• Radiooncology
  • Irradiation
  • Tumour irradiation


Radiation therapy is the treatment of benign and malignant (cancer) diseases using high-energy radiation. The medical field of radiotherapy exists independently as a third radiological specialty besides diagnostic radiology and nuclear medicine.

Physical principles of radiotherapy

The term radiation stands for a physical form of energy. Visible light is a well-known form of radiation. The term radiation combines a multitude of different types of radiation.

In principle, wave radiation (photon radiation) can be distinguished from particle radiation (corpuscular radiation). The wave radiation contains many small energy carriers, the photons. The special thing about photons is that they do not have their own mass.

In the broadest sense it is pure energy in the form of electromagnetic waves. In contrast to this, the energy carriers in particle radiation have their own mass. As an example, the electron beam, which is composed of many small electrons.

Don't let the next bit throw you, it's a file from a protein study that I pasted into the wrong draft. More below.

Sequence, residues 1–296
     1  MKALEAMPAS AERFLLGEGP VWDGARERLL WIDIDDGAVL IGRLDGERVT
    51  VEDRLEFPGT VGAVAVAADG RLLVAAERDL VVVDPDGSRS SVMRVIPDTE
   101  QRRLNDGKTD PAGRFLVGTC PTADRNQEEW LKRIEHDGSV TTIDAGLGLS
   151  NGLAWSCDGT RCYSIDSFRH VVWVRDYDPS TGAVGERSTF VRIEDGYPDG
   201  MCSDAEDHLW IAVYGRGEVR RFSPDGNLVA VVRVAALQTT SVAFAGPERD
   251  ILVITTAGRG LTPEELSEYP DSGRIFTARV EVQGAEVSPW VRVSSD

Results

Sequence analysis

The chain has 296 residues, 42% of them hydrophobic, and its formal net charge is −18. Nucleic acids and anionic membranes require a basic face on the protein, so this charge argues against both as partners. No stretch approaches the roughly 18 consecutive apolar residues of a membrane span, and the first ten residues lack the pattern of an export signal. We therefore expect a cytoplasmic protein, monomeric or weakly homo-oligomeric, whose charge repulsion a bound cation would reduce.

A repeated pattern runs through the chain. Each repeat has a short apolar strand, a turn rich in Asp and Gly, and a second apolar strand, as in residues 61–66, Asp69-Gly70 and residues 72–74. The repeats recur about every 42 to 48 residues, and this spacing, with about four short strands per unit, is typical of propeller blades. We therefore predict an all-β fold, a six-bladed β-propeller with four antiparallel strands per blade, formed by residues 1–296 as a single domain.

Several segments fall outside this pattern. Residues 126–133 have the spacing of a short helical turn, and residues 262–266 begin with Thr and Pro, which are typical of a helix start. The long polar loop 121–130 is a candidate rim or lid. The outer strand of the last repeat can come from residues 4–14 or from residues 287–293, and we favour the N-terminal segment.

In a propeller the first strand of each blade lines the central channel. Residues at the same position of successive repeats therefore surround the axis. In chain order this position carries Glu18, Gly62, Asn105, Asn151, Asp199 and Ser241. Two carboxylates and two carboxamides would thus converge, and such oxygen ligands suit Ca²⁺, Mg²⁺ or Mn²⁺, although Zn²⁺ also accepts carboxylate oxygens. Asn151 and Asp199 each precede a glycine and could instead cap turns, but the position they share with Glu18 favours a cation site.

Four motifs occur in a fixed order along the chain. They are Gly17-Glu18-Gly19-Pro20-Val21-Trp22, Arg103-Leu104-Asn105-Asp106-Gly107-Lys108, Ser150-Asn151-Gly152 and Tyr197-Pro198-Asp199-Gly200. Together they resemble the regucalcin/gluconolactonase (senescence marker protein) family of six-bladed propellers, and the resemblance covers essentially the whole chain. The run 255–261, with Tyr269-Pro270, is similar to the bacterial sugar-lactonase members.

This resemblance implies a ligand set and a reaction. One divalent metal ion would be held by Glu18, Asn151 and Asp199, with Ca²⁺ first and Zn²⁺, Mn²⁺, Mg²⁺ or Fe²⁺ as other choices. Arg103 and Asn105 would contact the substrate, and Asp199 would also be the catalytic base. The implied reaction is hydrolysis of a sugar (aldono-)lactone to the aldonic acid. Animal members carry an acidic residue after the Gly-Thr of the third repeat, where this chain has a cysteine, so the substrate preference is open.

Both particle radiation and wave radiation continue to be collective terms that summarize physically different types of radiation used in radiation therapy. Individual photons can be distinguished physically by their wavelength. The wavelength describes the distance that exactly one wave travels from its beginning to its end point.

The intrinsic energy and the possibilities of interactions depend strongly on the wavelength in the case of wave radiation. Particle beams differ in the type of particle. All are used in radiation therapy.

Examples are:

  • Electron beams
  • Proton beams
  • Neutron beams
  • Heavy ion beams

Electron beams (negatively charged particle from the atomic shell)Proton beams (positively charged particle from the atomic nucleus)Neutron beams are uncharged particles from the atomic nucleus. Heavy ions can consist of carbon ions C12, for example.